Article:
Inexplicably, he offered to drop-off information about me at the registrar’s office of the college. So I wrote down my name and home address on a piece of paper and handed it over to him. Amazingly, this young man actually remembered to deliver my vitals. A few weeks later, I received a college application in the mail! I completed and mailed it back with the required fee. It was the only four-year college I applied to. And in a few short months, I was taking my first jet airplane ride to attend college in southern Minnesota. Wow!
I often think about this chance encounter and how a single event had completely changed my life. I went on to receive a B.A. and M.A. from Minnesota State University at Mankato earning degrees in both psychology and vocational rehabilitation counseling. I have worked in this career field as a rehabilitation counselor and manager for more than 32 years now. And more importantly, I met my wife of 31 years in school at Mankato. Today we have three grown daughters who either work or go to school right here in the Twin Cities.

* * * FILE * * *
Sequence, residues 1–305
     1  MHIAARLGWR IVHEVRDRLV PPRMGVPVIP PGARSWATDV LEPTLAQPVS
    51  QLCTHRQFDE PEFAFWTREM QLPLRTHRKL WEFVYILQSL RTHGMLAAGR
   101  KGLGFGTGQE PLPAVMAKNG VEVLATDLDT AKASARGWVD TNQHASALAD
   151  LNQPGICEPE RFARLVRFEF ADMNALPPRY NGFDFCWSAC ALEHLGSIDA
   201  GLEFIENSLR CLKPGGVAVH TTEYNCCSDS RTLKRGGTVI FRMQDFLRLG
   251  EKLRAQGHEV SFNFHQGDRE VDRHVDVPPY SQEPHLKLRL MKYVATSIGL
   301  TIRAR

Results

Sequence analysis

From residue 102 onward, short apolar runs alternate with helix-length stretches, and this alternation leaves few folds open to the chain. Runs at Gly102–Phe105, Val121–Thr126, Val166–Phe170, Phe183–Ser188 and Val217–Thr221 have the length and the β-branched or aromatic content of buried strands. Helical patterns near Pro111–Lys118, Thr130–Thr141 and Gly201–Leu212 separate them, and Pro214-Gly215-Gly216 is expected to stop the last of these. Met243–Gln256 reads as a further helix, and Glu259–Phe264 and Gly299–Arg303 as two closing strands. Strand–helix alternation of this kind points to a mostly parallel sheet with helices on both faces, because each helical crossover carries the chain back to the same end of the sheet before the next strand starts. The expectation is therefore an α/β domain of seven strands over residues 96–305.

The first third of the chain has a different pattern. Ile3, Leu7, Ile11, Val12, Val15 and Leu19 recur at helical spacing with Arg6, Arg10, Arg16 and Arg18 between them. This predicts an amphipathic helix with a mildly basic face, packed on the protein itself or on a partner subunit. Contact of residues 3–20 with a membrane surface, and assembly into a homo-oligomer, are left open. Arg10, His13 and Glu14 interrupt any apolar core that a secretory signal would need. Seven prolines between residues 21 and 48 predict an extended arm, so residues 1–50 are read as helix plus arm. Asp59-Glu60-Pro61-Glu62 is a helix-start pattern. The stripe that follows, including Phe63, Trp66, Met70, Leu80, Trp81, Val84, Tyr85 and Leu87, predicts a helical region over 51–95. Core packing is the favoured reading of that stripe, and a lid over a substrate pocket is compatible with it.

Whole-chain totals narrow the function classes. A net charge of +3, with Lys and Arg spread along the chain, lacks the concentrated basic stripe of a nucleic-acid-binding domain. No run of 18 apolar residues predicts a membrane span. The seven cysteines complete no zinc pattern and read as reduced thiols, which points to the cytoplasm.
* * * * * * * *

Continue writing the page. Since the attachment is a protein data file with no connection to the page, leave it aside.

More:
I sometimes ponder those mysterious questions: What if I had not been scheduled to work on that day? What if I was looking the other way or working in another aisle? What if this guy did not go shopping on that day? What if he didn’t remember to drop off my name at the registrar’s office as he had promised? What if....? What if....?
Well, if you have stayed with me this far, I know what you are thinking. What on this good earth does this stuff have to do with supported employment? Well actually, it has everything to do with it! Think about it.